If you've ever wondered about the mobility of a massive, pink, fluffy poodle, or about the buoyancy of a "boat" constructed of otters, then this is the event for you. Sponsored by the American Visionary Art Museum, the Kinetic Sculpture Race is a showcase of some of the best-looking -- and most durable -- human-powered sculptures on the East Coast . . . or anywhere. It's also an open-air people-watching extravaganza, complete with costumed spectators and copious cheering. If your kid digs costumes, now's the time to break out the capes, boas, masks and cowboy hats, as costume-wearing is highly encouraged and very much part of the overall scene. Rubber chickens also figure prominently, as do paper smiles-on-sticks. Silliness --and oversized animals -- abound.
The race, which begins at Rash Field, near the Inner Harbor, covers 15 miles and runs about eight hours. Each sculpture is subjected to a variety of tests, including a swim through the harbor, a spin through the sand and a slop through the mud, and each test -- though sometimes quite tough on the sculptures -- is enormously entertaining to watch. An official spectators' guide, outlining the approximate times of each "trial," is published shortly before the race; check the Web site for this guide, so you know when to show up for what. The water portion of the competition is always held at the Canton Boat Launch, and the sand and mud portions are always held at Patterson Park. It's safe to say that there will be a fair amount of lag time between each test (remember that each sculpture is human-powered, meaning that it's pedaled, paddled, etc.), so be wise and take advantage of these breaks by grabbing lunch at one of the many fine nearby establishments. Oh, and don't forget your sunscreen. Or your camera. Or, if you're planning on observing the mud portion, a pair of shoes that you don't mind getting filthy.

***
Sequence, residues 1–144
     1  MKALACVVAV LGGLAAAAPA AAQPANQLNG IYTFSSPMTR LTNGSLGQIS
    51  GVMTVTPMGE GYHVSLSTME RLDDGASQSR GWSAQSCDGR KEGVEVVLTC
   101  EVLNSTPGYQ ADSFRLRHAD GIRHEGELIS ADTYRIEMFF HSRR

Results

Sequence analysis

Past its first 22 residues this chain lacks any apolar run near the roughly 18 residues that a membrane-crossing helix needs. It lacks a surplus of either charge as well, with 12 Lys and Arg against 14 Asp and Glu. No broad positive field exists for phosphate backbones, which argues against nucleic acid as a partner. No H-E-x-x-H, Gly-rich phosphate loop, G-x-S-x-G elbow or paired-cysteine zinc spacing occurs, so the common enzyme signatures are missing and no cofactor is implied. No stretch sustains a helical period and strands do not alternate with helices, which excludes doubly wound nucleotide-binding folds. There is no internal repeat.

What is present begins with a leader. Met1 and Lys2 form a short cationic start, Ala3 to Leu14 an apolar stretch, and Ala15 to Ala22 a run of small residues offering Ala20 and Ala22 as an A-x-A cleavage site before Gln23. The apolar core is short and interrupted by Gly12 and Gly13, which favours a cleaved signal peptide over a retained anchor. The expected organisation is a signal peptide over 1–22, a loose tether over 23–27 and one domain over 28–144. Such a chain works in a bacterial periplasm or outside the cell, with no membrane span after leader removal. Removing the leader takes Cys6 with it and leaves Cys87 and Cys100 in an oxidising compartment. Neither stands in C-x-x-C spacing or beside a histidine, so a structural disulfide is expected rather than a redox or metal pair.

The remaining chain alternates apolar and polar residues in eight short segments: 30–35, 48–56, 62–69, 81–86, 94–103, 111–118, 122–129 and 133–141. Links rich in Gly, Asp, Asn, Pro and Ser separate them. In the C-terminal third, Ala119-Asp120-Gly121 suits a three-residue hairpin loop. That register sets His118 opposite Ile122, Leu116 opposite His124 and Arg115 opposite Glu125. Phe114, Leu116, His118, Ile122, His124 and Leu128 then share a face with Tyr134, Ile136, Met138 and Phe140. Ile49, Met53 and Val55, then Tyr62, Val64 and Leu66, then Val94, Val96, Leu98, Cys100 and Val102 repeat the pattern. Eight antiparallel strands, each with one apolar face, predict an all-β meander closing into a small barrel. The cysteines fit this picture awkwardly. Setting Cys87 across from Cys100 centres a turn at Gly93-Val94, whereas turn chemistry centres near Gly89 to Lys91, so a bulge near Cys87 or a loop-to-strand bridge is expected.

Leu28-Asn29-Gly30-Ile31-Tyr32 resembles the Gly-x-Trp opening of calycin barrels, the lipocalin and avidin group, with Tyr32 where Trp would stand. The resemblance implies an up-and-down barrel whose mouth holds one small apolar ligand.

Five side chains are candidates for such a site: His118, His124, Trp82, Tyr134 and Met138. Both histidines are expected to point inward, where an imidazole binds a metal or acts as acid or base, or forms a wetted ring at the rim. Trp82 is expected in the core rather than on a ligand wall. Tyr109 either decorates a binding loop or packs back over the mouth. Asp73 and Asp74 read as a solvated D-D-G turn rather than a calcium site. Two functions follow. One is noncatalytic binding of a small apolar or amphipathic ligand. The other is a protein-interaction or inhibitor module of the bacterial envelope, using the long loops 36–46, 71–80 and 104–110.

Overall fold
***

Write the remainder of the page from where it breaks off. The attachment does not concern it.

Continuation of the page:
American Visionary Art Museum